Former Virginia Governor Charged With Illegally Accepting Gifts

, Legal Times

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The former governor of Virginia, Robert McDonnell, and his wife were indicted today in a Virginia federal court on charges they illegally accepted gifts, loans and other payments.

In the 14-count indictment, federal prosecutors charged the McDonnells with accepting gifts from Jonnie Williams Sr., the chief executive officer of Star Scientific Inc. in exchange for promoting the dietary supplement company. McDonnell, in a statement provided by one of his lawyers, said he planned to fight the allegations.

"I deeply regret accepting legal gifts and loans from Mr. Williams, all of which have been repaid with interest, and I have apologized for my poor judgment for which I take full responsibility," McDonnell said. "However, I repeat emphatically that I did nothing illegal for Mr. Williams in exchange for what I believed was his personal generosity and friendship."

McDonnell and his wife are scheduled to appear in court on Jan. 24.

The acting U.S. Attorney for the Eastern District of Virginia, Dana Boente, said in a statement that his office would continue to work with other agencies "to investigate and prosecute public corruption."

McDonnell, who completed his term as governor earlier this month, is represented by John Brownlee of Holland & Knight and Henry "Hank" Asbill of Jones Day. McDonnell's wife, Maureen, is represented by William Burck of Quinn Emanuel Urquhart & Sullivan. Burck said in a statement his client was innocent.

"The Department of Justice has overreached to bring these charges," Burck said. "Thankfully, however, the Department is not the sole arbiter in our justice system, which ultimately is not ruled by the unfounded suspicions of prosecutors but rather the law and the facts as decided by the judge and the jury.”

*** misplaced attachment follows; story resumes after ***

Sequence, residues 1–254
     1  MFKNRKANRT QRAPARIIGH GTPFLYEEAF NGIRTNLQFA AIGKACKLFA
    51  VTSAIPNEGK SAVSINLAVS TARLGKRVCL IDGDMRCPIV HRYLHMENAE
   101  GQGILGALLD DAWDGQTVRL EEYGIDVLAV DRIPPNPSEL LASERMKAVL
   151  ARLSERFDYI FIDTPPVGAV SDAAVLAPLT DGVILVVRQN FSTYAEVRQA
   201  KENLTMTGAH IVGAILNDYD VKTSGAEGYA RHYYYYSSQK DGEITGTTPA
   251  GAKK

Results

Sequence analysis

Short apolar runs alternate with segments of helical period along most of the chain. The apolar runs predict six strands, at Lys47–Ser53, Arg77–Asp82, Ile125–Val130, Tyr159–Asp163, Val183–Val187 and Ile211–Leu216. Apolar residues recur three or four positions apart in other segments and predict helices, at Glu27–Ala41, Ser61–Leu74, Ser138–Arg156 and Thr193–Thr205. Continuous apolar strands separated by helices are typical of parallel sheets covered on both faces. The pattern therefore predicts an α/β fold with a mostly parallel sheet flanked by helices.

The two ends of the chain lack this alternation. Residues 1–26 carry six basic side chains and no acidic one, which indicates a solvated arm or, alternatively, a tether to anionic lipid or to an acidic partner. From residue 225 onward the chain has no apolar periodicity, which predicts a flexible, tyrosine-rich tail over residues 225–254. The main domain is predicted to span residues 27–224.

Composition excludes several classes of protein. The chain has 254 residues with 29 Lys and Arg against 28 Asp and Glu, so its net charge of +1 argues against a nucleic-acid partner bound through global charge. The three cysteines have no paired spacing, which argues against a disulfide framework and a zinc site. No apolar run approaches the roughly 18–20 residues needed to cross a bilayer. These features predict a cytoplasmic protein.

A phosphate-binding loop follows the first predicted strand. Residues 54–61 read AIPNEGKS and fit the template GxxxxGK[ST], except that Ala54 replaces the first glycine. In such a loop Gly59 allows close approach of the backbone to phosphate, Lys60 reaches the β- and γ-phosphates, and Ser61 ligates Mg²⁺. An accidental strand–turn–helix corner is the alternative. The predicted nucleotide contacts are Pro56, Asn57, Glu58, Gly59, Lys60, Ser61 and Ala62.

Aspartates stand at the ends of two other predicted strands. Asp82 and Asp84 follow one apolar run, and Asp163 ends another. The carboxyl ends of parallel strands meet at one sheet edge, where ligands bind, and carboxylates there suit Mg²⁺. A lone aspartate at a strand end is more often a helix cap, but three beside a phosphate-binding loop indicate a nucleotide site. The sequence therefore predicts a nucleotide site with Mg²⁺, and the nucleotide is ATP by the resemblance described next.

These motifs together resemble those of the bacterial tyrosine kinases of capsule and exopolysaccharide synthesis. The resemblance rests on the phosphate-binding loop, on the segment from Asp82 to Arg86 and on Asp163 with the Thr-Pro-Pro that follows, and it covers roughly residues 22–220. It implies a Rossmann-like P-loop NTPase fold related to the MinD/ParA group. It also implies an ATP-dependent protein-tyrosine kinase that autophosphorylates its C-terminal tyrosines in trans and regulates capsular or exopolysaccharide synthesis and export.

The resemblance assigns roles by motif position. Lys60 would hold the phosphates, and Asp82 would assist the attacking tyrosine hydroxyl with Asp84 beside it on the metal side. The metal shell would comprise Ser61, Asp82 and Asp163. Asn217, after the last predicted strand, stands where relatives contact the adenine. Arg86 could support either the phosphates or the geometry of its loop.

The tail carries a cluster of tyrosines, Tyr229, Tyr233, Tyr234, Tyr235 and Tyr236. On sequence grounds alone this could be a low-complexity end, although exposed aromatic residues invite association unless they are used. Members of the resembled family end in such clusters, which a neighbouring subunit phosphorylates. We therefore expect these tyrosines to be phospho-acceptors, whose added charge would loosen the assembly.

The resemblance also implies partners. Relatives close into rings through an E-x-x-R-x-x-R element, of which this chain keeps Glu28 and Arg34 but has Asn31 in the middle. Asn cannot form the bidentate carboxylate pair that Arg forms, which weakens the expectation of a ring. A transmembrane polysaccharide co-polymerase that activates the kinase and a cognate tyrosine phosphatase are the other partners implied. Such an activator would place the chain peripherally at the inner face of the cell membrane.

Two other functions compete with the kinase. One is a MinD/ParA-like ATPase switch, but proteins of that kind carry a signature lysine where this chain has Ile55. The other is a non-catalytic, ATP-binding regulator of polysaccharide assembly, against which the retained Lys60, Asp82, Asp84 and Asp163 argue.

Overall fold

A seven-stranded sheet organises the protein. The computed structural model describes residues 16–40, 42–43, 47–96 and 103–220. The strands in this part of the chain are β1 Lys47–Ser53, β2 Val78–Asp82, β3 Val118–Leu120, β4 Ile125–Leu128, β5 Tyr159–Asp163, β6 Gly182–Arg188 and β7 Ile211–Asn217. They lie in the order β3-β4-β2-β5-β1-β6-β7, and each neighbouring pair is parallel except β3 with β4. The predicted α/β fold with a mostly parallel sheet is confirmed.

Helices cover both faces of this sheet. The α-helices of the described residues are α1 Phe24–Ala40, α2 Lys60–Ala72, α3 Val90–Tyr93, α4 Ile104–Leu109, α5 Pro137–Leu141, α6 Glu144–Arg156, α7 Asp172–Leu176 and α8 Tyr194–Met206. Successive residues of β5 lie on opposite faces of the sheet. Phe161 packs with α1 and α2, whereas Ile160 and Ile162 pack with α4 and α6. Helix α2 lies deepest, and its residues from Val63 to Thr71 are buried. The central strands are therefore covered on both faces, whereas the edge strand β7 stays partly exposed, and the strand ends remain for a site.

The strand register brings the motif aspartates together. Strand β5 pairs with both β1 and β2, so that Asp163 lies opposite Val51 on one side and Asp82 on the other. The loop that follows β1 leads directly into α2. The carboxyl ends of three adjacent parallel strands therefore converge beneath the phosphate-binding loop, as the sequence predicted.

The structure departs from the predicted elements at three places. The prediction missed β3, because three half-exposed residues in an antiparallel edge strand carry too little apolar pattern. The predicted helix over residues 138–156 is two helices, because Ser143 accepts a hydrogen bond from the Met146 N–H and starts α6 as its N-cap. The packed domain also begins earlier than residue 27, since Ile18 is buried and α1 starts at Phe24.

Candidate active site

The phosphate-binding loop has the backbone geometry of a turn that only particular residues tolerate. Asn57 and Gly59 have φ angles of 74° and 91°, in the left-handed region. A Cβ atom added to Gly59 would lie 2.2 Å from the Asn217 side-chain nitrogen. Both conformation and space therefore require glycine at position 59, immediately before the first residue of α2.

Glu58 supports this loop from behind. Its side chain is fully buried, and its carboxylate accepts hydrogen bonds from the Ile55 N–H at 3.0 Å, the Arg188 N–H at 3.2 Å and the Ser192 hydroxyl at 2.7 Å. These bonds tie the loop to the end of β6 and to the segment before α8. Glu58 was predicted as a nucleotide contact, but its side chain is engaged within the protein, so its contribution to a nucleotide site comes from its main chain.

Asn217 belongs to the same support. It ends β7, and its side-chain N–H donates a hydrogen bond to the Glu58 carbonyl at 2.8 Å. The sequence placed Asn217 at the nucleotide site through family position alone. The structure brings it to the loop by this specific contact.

Asbill, a partner at Jones Day, has a national white-collar defense practice. Brownlee, the former U.S. attorney for the Western District of Virginia, is chairman of Holland & Knight's white-collar defense and investigations practice and a member of the firm's directors committee. Burck is the co-leader of Quinn's Washington office and chairman of the firm's D.C. white-collar and corporate investigations practice.

The indictments came just over a month after lawyers for the McDonnells met with prosecutors concerning the investigation. The Washington Post reported the couple's lawyers argued the McDonnells did not act improperly, but asked that if prosecutors were going to bring charges, they wait until after McDonnell left office.

A person familiar with the investigation confirmed to Legal Times at the time that the McDonnells' lawyers met with Deputy Attorney General James Cole along with members of the U.S. attorney's office for the Eastern District of Virginia.

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